The members of the First Congress who essentially created our national government, were not “originalists.” None of them thought the Constitution was untouchable and unalterable. If its text was so sacred, as Congressman Elbridge Gerry of Massachusetts put it, what was the point of permitting amendments at all? Rather, the Founders saw the Constitution as a flexible instrument that could be adapted to future needs as the country grew. As Madison, who saw the new government as a bold experiment, put it, “We are in a wilderness without a single footstep to guide us.”
 
A Supreme Court and a federal judiciary system were called for by the Constitution. But they were actually created by the First Federal Congress, which met from 1789 to 1791, first in New York and then in Philadelphia. Although debate over the powers of the federal judiciary was sometimes intense, members of the First Congress never contemplated the kind of political trench warfare that often surrounds Supreme Court appointments today. Indeed, they hoped and expected that the court would rise above politics.
 
The members of the First Congress certainly never imagined that politicians would use the court as a pawn in an ideologically-driven attempt to deny a president’s constitutionally prescribed right to nominate his choice for the court. Much of the debate in the First Congress concerning the federal judiciary, as well as other issues, emphasized the need to strengthen the power of the new presidency, not weaken it.
 
Significantly, the sharpest debate over the creation of the federal judiciary focused essentially on what we now call states’ rights. Southerners in particular worried that a strong judiciary might someday tamper with slavery. Senator Pierce Butler of South Carolina, for one, charged that the judiciary bill would be able to “destroy, to cut up at the root the state judiciaries, to annihilate their whose system of jurisprudence and finally swallow up every distinguishing mark of a distinct government.” But the bill passed overwhelmingly.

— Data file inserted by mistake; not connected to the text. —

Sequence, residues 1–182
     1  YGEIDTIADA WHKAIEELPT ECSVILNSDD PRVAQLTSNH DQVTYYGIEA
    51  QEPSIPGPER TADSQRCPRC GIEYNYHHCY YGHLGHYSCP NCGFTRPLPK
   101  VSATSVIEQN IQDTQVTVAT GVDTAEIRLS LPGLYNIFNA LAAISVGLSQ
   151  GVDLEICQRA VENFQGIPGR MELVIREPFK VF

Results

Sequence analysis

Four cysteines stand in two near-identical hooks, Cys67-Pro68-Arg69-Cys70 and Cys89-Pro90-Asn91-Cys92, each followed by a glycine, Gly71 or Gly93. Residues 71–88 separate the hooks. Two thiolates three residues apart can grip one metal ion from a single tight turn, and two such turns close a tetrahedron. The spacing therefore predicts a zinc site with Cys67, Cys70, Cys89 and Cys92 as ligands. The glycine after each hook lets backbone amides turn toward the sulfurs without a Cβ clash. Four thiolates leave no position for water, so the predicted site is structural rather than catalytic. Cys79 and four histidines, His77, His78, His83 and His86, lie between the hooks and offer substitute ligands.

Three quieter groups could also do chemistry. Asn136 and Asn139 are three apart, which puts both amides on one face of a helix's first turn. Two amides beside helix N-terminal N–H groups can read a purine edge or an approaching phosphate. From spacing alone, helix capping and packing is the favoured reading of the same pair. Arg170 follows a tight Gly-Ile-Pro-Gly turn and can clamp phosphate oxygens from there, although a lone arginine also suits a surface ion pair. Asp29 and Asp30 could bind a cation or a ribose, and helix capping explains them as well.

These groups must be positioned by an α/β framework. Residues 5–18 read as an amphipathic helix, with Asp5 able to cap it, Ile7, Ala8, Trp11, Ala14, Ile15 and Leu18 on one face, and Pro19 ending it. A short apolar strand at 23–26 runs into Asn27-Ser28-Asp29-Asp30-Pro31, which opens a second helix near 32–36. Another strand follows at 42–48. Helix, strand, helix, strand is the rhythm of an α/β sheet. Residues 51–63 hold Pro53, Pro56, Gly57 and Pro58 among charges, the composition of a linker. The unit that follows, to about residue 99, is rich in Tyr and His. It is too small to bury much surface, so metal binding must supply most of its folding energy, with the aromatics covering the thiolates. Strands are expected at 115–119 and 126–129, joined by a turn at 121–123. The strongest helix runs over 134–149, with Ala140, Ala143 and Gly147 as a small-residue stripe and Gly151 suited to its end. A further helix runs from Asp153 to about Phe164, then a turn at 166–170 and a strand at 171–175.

The Supreme Court’s beginnings were modest. Its first meeting took place on February 2, 1790, in New York City. Symbolically, the moment was pregnant with promise for the republic—this birth of a new national institution whose future power, admittedly, still existed only in the mind’s eye of a few farsighted Americans. Bewigged and swathed in their robes of office, Chief Justice John Jay and his three associate justices sat before a throng of spectators and waited for something to happen, but nothing did. They had no cases to consider. After a week of inactivity, they adjourned and went home.
 
It would take time for the Supreme Court and the rest of the federal court system to grow into the third great pillar of American government. Its full impact would not be felt for generations to come. But combined with the rights that were being codified in the first amendments to the Constitution, it would one day become a great and dynamic engine that would carry justice into every community and transform American society to its roots.
 
Madison and his Federalist allies believed that a strong executive was imperative, and they feared the consequences if the Senate someday attempted to encroach on presidential power. They knew that one of the most crucial aspects of that strength was the power of appointment. During earlier debate over the establishment of the executive departments, Madison had argued that once Congress created an office and the president filled it, “the legislative power ceases.” Of course, the Senate has the right to reject a nominee. But Madison believed that a president dependent on the Senate to control his appointments would soon be left helpless. Unfortunately, this seems to be precisely what today’s Senate Republicans intend.
 

What Today’s Congress Can Learn From the First Congress
Saturday, April 16th, 2016

‘Public faith in our democratic institutions is more important than any single issue’
 
The deepening standoff between Congress and the president over the replacement of Supreme Court Justice Antonin Scalia, who died in February, threatens to damage yet another key part of what Patrick Henry once called the “crazy machine” of government. Some might imagine that the nation’s founders would be appalled if they saw government so paralyzed. In fact, it might seem to them more like deja vu.
 
Even in its earliest years, Congress faced seemingly intractable problems that might have crippled our new government before it got underway. But unlike the majority of our present Congress, the members of the First Congress were determined to make government work—they were afraid of the consequences if it didn’t.
 
Today’s Congress might find a way out of the weeds by taking a few lessons from the First Congress, which met first in New York and later in Philadelphia, from 1789 to 1791 in an atmosphere hardly less conflicted than the present-day, and was charged with the daunting task of turning the parchment plan of the Constitution into a working government. Many Americans—including members of Congress—feared that it couldn’t be done.